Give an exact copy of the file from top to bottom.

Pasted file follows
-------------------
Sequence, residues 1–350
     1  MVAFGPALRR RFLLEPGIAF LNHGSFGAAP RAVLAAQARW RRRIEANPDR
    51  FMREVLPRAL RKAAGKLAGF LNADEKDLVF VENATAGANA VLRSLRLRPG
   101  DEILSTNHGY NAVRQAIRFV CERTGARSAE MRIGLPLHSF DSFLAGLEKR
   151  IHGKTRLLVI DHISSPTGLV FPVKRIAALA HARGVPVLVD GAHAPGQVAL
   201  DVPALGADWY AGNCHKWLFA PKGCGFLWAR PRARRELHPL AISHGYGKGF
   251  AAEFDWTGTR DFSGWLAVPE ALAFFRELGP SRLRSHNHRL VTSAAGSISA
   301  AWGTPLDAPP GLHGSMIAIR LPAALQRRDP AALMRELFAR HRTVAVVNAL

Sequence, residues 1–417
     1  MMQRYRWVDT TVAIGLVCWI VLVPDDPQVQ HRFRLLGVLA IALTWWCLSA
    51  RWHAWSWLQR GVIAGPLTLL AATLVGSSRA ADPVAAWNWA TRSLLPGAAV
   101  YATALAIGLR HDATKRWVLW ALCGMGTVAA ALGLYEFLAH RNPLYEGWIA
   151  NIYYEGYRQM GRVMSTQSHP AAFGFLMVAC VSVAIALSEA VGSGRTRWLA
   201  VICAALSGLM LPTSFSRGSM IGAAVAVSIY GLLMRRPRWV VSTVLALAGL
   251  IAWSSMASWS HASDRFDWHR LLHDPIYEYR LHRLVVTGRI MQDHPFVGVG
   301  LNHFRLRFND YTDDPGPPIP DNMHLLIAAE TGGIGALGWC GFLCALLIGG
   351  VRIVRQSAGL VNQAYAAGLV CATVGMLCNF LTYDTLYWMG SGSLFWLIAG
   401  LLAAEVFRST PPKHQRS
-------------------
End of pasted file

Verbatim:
Sequence, residues 1–350
     1  MVAFGPALRR RFLLEPGIAF LNHGSFGAAP RAVLAAQARW RRRIEANPDR
    51  FMREVLPRAL RKAAGKLAGF LNADEKDLVF VENATAGANA VLRSLRLRPG
   101  DEILSTNHGY NAVRQAIRFV CERTGARSAE MRIGLPLHSF DSFLAGLEKR
   151  IHGKTRLLVI DHISSPTGLV FPVKRIAALA HARGVPVLVD GAHAPGQVAL
   201  DVPALGADWY AGNCHKWLFA PKGCGFLWAR PRARRELHPL AISHGYGKGF
   251  AAEFDWTGTR DFSGWLAVPE ALAFFRELGP SRLRSHNHRL VTSAAGSISA
   301  AWGTPLDAPP GLHGSMIAIR LPAALQRRDP AALMRELFAR HRTVAVVNAL

Sequence, residues 1–417
     1  MMQRYRWVDT TVAIGLVCWI VLVPDDPQVQ HRFRLLGVLA IALTWWCLSA
    51  RWHAWSWLQR GVIAGPLTLL AATLVGSSRA ADPVAAWNWA TRSLLPGAAV
   101  YATALAIGLR HDATKRWVLW ALCGMGTVAA ALGLYEFLAH RNPLYEGWIA
   151  NIYYEGYRQM GRVMSTQSHP AAFGFLMVAC VSVAIALSEA VGSGRTRWLA
   201  VICAALSGLM LPTSFSRGSM IGAAVAVSIY GLLMRRPRWV VSTVLALAGL
   251  IAWSSMASWS HASDRFDWHR LLHDPIYEYR LHRLVVTGRI MQDHPFVGVG
   301  LNHFRLRFND YTDDPGPPIP DNMHLLIAAE TGGIGALGWC GFLCALLIGG
   351  VRIVRQSAGL VNQAYAAGLV CATVGMLCNF LTYDTLYWMG SGSLFWLIAG
   401  LLAAEVFRST PPKHQRS